Living in a Denglish World

Denglish_WordDenglish is combination of “Deutsch-English” and describes hybrid words and phrases borrowed between the two languages. There was a recent article in a local German newspaper about someone who sued the German Federal Employment Agency because one of its offices was called “Jobcenter.” The lawsuit contended that because the official language of German federal agencies is “German” (or Hochdeutsch / High German to be more specific), the Jobcenter did not fulfill its federal mandate. Or something like that. Another article notes the rising number of pseudo-anglicisms in German, such as Fitnessstudio for the gym or Beamer for projector. My favorite is Smoking for tuxedo. The most widely known, and the first one that any German language learner remembers, is Handy for mobile phone. Mobile phones are indeed handy but then again so is a hammer.  

For the purists and the critics, the rise of Denglish threatens the very foundation of German language, grammar and culture. And if you have ever heard someone say that a project needs to be gestartet, gemanaged or gechallenged, such concerns may in fact be justified. Yet for this native speaker of English, the rise of Denglish is also flattering and weirdly life-affirming. My language, the one I learned as a kid, serves as the main source of inspiration and creativity for other non-English languages. The words I know and speak are seen as cool, useful and worth repeating.

But as someone who also tries to keep two separate languages going in my head, trying to speak in the German-English hybrid often leaves me confused and speechless. Try ordering a drink at a German Starbucks, especially one of the fancier concoctions. “Ich hätte gern einen grande Caramel Macchiato mit Skinny-Milch.” This sentence contains words from at least four different languages as well as two coined words. Or try ordering a Happy Meal at a German McDonald’s. “Ich hätte gern ein Happy Meal mit Chicken Nuggets, Ketchup als Soße, Sprite und einem Batman Spielzeug.“ Even the simple phrase “zwei Cheeseburgers” sets off the incorrect/impossible alarm bells in my head. Note: the Batman toy is not for me, I swear.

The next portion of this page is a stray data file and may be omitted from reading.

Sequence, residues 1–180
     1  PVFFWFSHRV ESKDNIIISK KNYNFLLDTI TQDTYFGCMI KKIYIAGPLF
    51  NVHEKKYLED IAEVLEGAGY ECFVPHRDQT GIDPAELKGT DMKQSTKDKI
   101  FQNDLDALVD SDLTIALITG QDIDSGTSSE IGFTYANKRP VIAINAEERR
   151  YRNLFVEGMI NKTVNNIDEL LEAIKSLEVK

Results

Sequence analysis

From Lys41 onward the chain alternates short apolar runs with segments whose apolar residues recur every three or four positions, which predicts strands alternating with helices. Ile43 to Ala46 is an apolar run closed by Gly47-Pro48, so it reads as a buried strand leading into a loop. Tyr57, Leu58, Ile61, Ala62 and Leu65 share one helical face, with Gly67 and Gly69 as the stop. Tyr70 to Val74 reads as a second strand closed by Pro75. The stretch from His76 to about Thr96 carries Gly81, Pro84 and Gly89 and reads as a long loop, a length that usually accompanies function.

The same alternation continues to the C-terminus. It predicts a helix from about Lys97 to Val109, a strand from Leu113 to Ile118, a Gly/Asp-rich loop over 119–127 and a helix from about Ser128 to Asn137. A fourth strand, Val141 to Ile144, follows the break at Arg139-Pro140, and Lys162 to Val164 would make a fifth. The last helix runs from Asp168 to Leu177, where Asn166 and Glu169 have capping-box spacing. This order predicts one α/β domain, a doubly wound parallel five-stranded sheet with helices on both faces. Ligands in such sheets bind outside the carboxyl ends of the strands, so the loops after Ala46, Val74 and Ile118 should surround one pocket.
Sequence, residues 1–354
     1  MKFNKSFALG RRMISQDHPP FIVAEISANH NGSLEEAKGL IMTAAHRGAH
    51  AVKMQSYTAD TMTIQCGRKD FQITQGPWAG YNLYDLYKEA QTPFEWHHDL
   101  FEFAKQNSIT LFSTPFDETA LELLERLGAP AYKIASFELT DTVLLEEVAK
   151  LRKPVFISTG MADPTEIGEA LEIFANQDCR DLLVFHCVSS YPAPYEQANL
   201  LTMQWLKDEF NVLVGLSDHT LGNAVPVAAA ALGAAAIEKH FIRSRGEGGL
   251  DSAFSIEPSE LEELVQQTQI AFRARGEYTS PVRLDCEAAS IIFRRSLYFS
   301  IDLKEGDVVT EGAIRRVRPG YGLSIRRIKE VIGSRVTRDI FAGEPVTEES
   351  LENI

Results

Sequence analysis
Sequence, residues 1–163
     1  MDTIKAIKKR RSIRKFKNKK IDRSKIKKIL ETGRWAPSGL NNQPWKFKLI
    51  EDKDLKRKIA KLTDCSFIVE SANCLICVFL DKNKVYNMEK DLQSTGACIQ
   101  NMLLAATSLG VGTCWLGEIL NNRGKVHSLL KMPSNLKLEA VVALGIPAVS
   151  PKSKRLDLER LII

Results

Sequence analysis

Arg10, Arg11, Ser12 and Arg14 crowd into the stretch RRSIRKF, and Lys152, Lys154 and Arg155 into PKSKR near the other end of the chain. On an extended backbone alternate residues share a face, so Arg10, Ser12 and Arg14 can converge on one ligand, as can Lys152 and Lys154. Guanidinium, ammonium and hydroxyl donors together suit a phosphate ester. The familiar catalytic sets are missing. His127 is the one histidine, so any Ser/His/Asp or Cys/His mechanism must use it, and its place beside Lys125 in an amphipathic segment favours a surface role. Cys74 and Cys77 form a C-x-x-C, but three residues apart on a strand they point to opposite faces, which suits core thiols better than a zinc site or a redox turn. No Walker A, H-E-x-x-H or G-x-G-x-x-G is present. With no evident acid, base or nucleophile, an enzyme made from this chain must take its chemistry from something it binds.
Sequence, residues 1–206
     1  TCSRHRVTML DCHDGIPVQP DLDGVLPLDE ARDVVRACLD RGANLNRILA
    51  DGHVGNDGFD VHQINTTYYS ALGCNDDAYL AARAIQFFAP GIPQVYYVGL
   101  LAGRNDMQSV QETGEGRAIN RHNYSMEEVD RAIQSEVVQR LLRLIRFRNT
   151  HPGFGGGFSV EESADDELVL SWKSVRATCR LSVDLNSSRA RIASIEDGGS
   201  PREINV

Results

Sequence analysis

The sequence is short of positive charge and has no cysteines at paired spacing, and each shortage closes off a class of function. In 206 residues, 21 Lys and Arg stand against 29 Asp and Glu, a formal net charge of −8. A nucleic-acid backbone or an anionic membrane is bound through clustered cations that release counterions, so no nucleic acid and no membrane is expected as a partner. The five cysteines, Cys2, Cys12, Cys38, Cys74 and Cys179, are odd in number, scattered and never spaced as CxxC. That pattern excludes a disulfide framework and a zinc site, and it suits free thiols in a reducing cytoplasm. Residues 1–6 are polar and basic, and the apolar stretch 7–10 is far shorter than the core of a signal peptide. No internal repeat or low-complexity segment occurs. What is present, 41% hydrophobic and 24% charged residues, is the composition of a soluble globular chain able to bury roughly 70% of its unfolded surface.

My brain hurts just thinking about these phrases. It all feels so jumbled. A few words from home, a few words from abroad and a few others that make no sense at all. But I have the feeling that an English speaker can at least understand the McDonald’s sentence and probably much more so than listening to someone order at a traditional German restaurant. This is our globalized world, where words are borrowed, repackaged and reiterated. This is our world where traditional words and grammatical correctness are sacrificed for speed, fashion and creativity. I don’t know where it is all headed. Maybe my experiences at German Starbucks and McDonald’s point to the future of a single globally-shared mumble jumble of words and phrases. Maybe, but until that day, we’re all stuck with Longdrinks, Tee Chai Lattes and Kaffees To Go.

 

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  • http://www.germany-travel.org/denglisch-words/ Sofia

    That’s an interesting perspective! I guess we native English speakers should indeed be geflattert that our tongue is the source for Denglisch words.

    I do agree, it’s so confusing to place orders in the jumble of languages. As soon as the first English word comes out, my German accent disappears in the others, and most of the time they end up talking to me in English, even though I kann Deutsch.

    My favorites are “shooting” for filming (I still freak out every time I hear that) and “simsen” for “to SMS/text.” Ohje.

    I’d appreciate your thoughts on my own little Denglisch blog post over here: http://www.germany-travel.org/denglisch-words/ Thanks!

  • Brady Spangenberg

    Hi Sofia, thanks for the comment. And I can’t believe I forget “shooting” for both film and photo shoots. Every time I hear it, it makes me think of “drive-by shooting.” Great post yourself! -Brady